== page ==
To view/ download the 2017 End of Summer Meme Contest and Official Entry Form click here.
#LETSTACOBOUTIT – Native Youth Critical Dialogue
CSVANW was also able to assist in holding a space that focuses on holding a critical discussion and listening to the voices of our young Native people on how to prevent teen dating violence and foster healthy relationships. CSVANW was able to work alongside our Native American Community Academy (NACA) Intern – Shaylee Skidmore (Diné), a junior at NACA – to host a critical dialogue with middle and high school students at NACA. Our conversation is titled #LetsTacoAboutIt Indigenous Youth Discussion on Teen Dating Violence and focused on healthy relationships and teen dating violence among Indigenous youth in Albuquerque, New Mexico. This space also served as a think tank for Indigenous youth to hold a space for the purpose of strategizing prevention efforts that are based on the lived experiences and knowledge systems directly from our resilient Indigenous youth to be used by CSVANW. It is our goal that the student participants who were able to attend the event would feel supported, valued and confident in their ability to discuss the manner in which violence affects Indigenous communities and relationships.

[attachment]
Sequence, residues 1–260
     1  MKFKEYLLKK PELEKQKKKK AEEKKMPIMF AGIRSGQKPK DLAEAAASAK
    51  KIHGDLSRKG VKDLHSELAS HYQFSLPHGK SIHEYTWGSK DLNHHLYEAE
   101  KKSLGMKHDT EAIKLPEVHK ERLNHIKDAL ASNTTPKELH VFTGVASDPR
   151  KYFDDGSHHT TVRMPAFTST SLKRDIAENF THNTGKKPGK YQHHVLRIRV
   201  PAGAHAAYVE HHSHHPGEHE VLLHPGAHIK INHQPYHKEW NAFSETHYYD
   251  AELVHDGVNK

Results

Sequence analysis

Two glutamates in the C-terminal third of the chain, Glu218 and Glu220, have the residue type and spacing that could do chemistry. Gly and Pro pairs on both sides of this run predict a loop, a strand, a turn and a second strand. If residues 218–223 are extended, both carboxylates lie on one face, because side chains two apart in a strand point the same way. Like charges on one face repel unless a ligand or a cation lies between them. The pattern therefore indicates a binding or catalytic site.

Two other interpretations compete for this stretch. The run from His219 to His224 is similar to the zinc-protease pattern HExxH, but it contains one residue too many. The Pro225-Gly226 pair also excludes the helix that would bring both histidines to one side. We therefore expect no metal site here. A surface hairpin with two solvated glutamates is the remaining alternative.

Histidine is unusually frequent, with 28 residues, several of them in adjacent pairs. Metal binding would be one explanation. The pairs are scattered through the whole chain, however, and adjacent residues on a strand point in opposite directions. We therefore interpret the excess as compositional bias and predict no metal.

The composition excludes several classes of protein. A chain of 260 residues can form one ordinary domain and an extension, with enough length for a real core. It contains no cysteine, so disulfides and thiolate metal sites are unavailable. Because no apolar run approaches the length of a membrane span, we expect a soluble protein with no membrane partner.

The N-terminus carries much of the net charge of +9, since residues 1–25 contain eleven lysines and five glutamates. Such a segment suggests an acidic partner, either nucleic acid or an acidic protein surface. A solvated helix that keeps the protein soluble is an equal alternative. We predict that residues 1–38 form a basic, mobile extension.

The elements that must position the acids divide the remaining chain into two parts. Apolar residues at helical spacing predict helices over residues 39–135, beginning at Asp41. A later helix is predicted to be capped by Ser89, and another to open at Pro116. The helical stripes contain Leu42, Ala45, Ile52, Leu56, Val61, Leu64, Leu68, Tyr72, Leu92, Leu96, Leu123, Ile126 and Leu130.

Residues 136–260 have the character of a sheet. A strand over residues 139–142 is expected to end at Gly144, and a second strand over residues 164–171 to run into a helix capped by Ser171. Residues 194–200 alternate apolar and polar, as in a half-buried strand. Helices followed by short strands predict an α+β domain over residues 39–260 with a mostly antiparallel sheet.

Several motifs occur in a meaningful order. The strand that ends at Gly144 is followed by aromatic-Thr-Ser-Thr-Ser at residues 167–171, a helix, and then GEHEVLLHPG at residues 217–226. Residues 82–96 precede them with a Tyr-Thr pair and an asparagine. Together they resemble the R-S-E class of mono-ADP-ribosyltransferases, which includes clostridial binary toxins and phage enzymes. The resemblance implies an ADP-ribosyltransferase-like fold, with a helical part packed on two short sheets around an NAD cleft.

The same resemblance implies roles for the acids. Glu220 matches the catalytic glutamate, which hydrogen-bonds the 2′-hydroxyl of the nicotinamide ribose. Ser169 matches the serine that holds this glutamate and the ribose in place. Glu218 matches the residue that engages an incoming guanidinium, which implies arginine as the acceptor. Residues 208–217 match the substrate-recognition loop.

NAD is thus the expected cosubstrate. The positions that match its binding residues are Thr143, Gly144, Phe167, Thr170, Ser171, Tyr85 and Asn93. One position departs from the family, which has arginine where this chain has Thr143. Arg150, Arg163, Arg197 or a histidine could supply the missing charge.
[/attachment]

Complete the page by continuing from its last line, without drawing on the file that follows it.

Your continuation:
We also offer presentations that can be provided to Native youth and in Tribal communities to help prepare our next generation to become more aware on various issues and assist in eliminating violence in our Native Nations. We offer the following presentations:
- Healthy Relationships and Teen Dating Violence
- Land-Body Resiliency
- Murdered and Missing Indigenous Women
- Internet Safety
Indigenous Youth Blogs
As our dedication to Native youth, CSVANW is working to ensure that young people have an accessible space to share their own narratives and voices in a healthy and safe manner that promotes self-autonomy and critical discussion with a focus on Indigenous-center knowledge. One way that we are ensuring that a youth voice is present is by encouraging Indigenous youth to submit blogs on their own experiences.
Youth Indigenous Queers Retreat